MADISON – Tonight Governor Tony Evers delivered his third State of the State Address. This annual speech to the Legislature outlines the most pressing issues facing the state and key priorities for the months ahead.  In the interest of safety during the pandemic, this year the address was delivered virtually online.

Representative Tod Ohnstad (D-Kenosha) provided the following statement in reaction to the address:

“Tonight Governor Evers laid out the critical concerns of Wisconsin families as we continue to navigate the interconnected health and economic issues posed by the coronavirus pandemic and offered the solutions and path forward to recovery and growth.

Our state, much like every state in the nation and every country around the world, has been deeply impacted by a virus that has meant changes to nearly every aspect of our lives.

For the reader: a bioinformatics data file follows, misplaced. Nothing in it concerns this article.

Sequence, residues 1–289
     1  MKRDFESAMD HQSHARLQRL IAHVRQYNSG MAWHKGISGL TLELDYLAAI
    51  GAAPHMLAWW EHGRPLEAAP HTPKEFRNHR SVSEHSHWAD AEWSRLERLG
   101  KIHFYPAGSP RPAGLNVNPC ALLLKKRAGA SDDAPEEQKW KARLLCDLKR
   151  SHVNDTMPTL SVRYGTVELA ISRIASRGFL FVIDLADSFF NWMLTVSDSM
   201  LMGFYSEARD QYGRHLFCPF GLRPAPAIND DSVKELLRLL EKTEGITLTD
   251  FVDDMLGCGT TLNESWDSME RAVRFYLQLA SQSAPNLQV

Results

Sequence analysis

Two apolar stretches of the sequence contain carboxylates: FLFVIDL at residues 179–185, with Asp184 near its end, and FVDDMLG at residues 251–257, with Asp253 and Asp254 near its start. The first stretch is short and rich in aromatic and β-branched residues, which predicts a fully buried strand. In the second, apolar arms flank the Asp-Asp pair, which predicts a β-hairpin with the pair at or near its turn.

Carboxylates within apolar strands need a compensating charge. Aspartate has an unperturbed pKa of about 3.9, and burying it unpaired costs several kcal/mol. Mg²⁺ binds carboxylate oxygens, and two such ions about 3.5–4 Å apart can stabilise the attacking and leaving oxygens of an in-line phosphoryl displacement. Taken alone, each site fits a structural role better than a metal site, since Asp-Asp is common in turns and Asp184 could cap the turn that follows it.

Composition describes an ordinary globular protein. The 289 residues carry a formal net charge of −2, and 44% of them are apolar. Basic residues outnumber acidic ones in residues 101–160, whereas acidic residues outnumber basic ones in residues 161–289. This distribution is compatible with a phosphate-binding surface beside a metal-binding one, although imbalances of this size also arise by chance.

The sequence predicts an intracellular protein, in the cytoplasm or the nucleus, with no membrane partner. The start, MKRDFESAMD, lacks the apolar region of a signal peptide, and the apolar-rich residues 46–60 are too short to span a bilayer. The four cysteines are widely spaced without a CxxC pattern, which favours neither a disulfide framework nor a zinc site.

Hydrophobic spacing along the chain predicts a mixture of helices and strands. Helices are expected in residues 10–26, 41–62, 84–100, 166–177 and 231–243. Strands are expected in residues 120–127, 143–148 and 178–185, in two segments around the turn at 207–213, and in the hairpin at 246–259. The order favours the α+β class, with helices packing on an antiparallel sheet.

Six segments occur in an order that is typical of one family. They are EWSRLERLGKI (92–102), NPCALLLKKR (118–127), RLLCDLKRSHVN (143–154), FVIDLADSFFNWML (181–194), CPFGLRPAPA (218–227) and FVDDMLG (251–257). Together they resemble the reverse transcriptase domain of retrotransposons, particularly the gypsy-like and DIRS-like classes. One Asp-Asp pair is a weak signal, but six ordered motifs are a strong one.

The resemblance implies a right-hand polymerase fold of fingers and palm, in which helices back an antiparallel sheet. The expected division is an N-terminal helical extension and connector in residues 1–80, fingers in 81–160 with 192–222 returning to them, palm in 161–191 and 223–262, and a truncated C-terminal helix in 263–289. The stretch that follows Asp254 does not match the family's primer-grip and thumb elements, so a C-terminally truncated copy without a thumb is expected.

In response, we invested nearly $2 billion to address the state’s needs. This includes over $379 million in funding to support the state’s economy, assisting nearly 53,000 small businesses, more than 15,000 farms, and the Wisconsin tourism, lodging, and hospitality sectors.  We distributed more than 26 million pieces of PPE and sanitizing supplies to hospitals, long-term care facilities, veteran’s homes, and frontline workers.  Following the best science and medical guidance, we have come a long way relying on testing and tracing, and we are now in the process of ramping up vaccine distribution.  Brighter days and a return to normal are on the horizon.

Unfortunately, Governor Evers’ efforts have too often not found helpful partners in Republican legislative leaders, as they have sued to overturn public health protections in court and failed to hold a single vote for months and months throughout the various waves of the virus.

I am hopeful that the modest coronavirus legislation passed today in the Senate can represent a greater spirit of collaboration and compromise.  While this bill represents only a fraction of what needs to be done to properly protect the health and well-being of our citizens and small businesses, it is a start, and the Assembly should pass the bill as soon as possible.  From there we can get to work on the next steps of our recovery.”

Print Friendly, PDF & Email